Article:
Help! I Can't Talk to My Child's Teacher

Why good communication is critical for the classroom

As a beginning teacher, I assumed the role of expert in child development, teaching and learning, and behavior management. Unfortunately, I frequently neglected the most experienced and knowledgeable child experts: Their parents.

As a parent myself, I realize the gravity of this common mistake. Parents have intricate knowledge of their child that can provide teachers with critical keys to unlocking his or her learning potential.

So, effective communication is vital in building relationships both inside and outside of the classroom. The ultimate success of a child’s education pivots on your ability to effectively communicate. Communication is not an isolated act; it encompasses being involved in all aspects of your child’s educational experience. Your ability to express your thoughts and concerns effectively is important.

In all honesty, communication between parents and school personnel is often anything but easy and effective. There are many reasons for this: A lack of communication, miscommunication, fear, a lack of understanding of school policies, and an unwelcoming school climate. Some parents are even reluctant to visit a school because of their own negative experiences.

Regardless, when issues arise in the classroom, you should share your concerns with your child’s teacher. Trassey Boone, grade-level administrator at Dexter Middle School, believes fostering an “open door policy” is one of the best strategies educators can use to ensure that parents have a voice.

When asked about the importance of parental involvement in the well-being of a child, guidance counselor Carlos Sample from Dexter Middle says, “It is the cornerstone for the survival of any child.” We asked teachers and administrators to share their wisdom on how parents can communicate and become more involved in the education process. Here are their responses.

What does parental involvement mean?

Parental involvement means being involved from the first day of registration to your child’s final day of school. This includes helping with homework, assisting with disciplinary issues, fostering responsibility for assignments, and working collaboratively with teachers. It means developing good rapport with the teacher and a positive working relationship with your child so no one feels alone. Parental involvement is when parents are 100 percent committed to the successful education of their child.

How important is establishing open lines of communication?

Very important. Good communication must be maintained throughout the year, with everyone being open and direct. Teachers should get to know parents and be approachable. Sample believes when teachers and parents aren’t communicating, it creates opportunities for students to take negative risks. Their desire to make wrong decisions increases because they view noncommunication as a way to bypass consequences for their actions.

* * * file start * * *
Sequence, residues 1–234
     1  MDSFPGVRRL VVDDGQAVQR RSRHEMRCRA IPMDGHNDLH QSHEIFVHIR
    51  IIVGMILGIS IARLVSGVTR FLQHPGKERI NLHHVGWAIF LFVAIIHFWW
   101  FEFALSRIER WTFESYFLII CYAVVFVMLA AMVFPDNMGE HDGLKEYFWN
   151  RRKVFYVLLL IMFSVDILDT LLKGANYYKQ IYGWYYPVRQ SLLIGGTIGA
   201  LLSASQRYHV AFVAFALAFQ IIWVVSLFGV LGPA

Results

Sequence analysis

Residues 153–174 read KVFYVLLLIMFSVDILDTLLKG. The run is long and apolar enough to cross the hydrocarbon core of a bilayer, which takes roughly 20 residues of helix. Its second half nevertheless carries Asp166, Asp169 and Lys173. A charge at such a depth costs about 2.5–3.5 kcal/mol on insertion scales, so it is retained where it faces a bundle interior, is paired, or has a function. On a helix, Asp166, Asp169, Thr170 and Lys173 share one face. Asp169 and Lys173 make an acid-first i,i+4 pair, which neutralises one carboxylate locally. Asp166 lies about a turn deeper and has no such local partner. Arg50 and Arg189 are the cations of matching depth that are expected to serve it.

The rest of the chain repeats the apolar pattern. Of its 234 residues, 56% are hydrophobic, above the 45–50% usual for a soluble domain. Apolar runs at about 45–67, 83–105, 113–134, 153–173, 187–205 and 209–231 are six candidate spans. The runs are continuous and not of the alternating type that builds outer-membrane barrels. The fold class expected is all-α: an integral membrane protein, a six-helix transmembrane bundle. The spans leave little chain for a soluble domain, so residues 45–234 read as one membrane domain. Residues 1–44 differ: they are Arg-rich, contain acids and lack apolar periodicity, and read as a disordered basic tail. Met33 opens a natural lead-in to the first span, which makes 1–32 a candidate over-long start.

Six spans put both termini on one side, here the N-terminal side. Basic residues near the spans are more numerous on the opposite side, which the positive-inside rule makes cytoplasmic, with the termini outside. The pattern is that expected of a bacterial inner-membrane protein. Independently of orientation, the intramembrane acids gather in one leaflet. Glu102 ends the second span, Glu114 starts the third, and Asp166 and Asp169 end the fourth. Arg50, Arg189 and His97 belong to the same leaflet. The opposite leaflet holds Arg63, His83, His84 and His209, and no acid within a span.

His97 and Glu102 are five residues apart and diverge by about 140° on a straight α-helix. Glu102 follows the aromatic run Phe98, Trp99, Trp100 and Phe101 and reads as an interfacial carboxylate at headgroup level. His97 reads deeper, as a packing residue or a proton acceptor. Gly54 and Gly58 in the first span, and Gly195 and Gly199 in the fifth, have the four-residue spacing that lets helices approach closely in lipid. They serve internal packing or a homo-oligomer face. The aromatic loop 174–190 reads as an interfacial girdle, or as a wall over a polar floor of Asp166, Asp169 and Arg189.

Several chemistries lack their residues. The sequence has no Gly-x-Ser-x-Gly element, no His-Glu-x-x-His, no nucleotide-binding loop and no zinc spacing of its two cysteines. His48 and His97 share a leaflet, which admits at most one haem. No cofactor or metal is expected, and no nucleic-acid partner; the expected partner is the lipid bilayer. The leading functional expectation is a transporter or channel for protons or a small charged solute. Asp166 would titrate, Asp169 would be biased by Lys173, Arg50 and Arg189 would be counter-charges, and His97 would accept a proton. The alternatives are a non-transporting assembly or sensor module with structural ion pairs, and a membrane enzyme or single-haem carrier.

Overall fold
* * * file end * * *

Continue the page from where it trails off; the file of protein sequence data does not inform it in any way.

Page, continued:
If you feel the lines of communication have closed between you and your child’s teacher, involve a mediator, usually an administrator. Boone says the administrator’s role is to help rebuild and strengthen lines of communication.

What leads to communication breakdown and how can it be resolved?

Breakdowns occur when we lose focus of the child’s need, when we communicate angrily, and when we disrespect each other. Breakdowns occur when parents feel threatened or teachers become defensive.

Tiffany Williams, a teacher at Northaven Elementary, believes it is important for parents to know that teachers are not out to get your child, they are looking out for your child’s best interest. To prevent breakdowns, stay focused on what’s best for your child. Williams says communication about students with their parents should be laced with positivity.

What can parents do to maintain open lines of communication?

You can get to know your child’s teacher through various means of communication: phone calls, email, texts, and written notices. Find out his or her preference. Be readily available and demonstrate a caring attitude about your child. Arrange meetings, volunteer, be visible at your school.

What are the best practices parents can follow to avoid conflict?

Become more knowledgeable of school policies and procedures that are described in the student handbook. This helps ensure your child is compliant with school policies. It helps you better understand daily school operations. Always be willing to share your concerns. Keep your communication child-centered instead of focusing on the weaknesses of the teacher, school, or administration.

When situations arise that cannot be resolved at the school, how should parents proceed?

When common ground cannot be achieved between the teacher and the parent, an administrator should always be a mediator. If issues remain unresolved, you can proceed to student services within the Board of Education. Parents have the right to advocate for their children.

What advice would you offer parents who are fearful of talking to teachers?

Do not be afraid. You have every right to ask questions, express concerns, and be actively involved in your child’s education.

Children need parents and educators to work together to ensure the best possible outcome. Learning to effectively communicate only improves with practice. The more positive communication takes place, the more opportunities students, educators, and parents have to grow and learn together. It really does take a village to raise a child.

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